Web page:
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Hello all
We have conducted a meta-analysis on diagnostic test accuracy studies that their method was similar to comparison method studies (We had data on index test, Reference test and the outcome was limits of agreement between the two methods to calculate precision). Simultaneous assessment of the two methods and setting were the two items important for us. The analysis was done with STATA 12.
For assessing the quality of studies, we have modified some of QUADAS-2 checklist questions but reviewers said that we must use GRADE approach too.
We have studies the GRADE guidelines. Unfortunately, we don’t understand how to do it and how to make specific questions in GRADE?
Any help would be greatly appreciated
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Dear Sara
I hereby send you 3 articles dealing with the how to use the GRADE approach in diagnostic studies - and I agree with Gopalakrishna et al that it is a challange bu doable
Gopalakrishna G, Mustafa RA, Davenport C, Scholten RJ, Hyde C, Brozek J, Schünemann HJ, Bossuyt PM, Leeflang MM, Langendam MW. Applying Grading of Recommendations Assessment, Development and Evaluation (GRADE) to diagnostic tests was challenging but doable. J Clin Epidemiol. 2014 Jul;67(7):760-8.
Singh S, Chang SM, Matchar DB, Bass EB. Chapter 7: grading a body of evidence on diagnostic tests. J Gen Intern Med. 2012;27 Suppl 1(Suppl 1):S47-55.
Schünemann HJ, Oxman AD, Brozek J, et al. Grading quality of evidence and strength of recommendations for diagnostic tests and strategies. BMJ. 2008;336(7653):1106-10.
Best Carsten
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doctor called it as an allergy & i got anti allergic injections but of no use .. i am much worried .. kindly suggest some diagnostic tests etc ?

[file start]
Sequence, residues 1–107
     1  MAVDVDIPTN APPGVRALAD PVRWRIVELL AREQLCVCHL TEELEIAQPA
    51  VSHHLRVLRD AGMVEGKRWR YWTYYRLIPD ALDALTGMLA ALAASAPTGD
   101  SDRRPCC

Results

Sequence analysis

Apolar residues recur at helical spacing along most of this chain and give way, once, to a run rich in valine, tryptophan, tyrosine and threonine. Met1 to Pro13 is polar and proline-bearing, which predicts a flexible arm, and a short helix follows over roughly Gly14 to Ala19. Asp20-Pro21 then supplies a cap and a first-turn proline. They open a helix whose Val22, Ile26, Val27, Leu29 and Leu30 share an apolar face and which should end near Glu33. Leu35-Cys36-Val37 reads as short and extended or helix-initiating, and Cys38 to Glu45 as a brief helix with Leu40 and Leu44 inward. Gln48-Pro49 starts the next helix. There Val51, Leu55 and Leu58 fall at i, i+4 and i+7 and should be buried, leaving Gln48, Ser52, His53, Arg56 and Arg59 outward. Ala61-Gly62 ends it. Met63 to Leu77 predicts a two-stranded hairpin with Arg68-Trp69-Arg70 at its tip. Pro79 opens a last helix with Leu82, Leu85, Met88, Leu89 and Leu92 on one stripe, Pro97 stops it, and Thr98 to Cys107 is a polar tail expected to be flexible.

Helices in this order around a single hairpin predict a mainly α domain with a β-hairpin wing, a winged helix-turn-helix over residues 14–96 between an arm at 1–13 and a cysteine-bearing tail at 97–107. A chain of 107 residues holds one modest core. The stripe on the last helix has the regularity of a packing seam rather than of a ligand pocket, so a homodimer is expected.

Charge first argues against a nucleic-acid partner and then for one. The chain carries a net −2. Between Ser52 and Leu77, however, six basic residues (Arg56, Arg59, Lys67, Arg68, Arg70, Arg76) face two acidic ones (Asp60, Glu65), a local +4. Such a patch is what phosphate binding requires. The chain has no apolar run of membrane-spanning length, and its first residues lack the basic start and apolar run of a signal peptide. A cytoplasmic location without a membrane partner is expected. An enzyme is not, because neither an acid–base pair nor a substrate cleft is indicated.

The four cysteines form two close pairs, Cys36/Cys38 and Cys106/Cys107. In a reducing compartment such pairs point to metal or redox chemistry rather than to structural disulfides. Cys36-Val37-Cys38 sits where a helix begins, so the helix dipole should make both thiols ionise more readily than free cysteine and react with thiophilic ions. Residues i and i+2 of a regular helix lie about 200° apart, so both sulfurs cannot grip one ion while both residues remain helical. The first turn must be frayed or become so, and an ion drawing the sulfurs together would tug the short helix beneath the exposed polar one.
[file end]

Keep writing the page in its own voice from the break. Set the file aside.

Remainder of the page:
TIA
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The Clinical picture seems to be urticaria. May be contact urticaria ( if localized only on the distal arms) or other causes if generalized. In any case firstly treat it by anti-histamine drugs and after almost two weecks of suspension consult an allergist and make the appropriate investigation on ethiology of hives.
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(assume the tests are applied to the same population - if that matters)
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Dear Adrienne,
that could actually happen. This can occur due to a choice of cut-offs for the two diagnostic tests.
Sensitivity and specificity depend upon a cut-off set by the diagnostician. The ROC (and thus the AUC) does not depend on your choice of a cut-off, because it is a depiction of the tests accuracy independent of a cut-off.
I find the following website very instructive in order to illustrate what I just wrote. It becomes clear, if one plays a little with the settings there.
Best,
Daniel
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Hi,
I am looking to find a method to compare the likelihood ratio for two non-binary diagnostic tests, performed on the one group of patients.
Specifically, I have the results of two different antibody staining results that have 4 possible scores (e.g. 0, 1+, 2+, 3+). I then compared the results to the gold standard, which is a binary result (e.g. FISH +ve, or FISH -ve). Using this information, I was able to generate a likelihood ratio and 95% CI for each score.
I found a paper on how to calculate interactions between two estimates (e.g. risk ratios or LRs) by analyzing the values on a log scale to generate a z-score [Altman and Bland (2003). Interaction revisited: the difference between two estimates]. Would this be valid on my sample? I think there was a mention that the test only works for independent measurements, and should not be used on two estimates from the same patients. The two antibodies are independent tests, but does it make the test invalid if I compared their results on the same set of patients?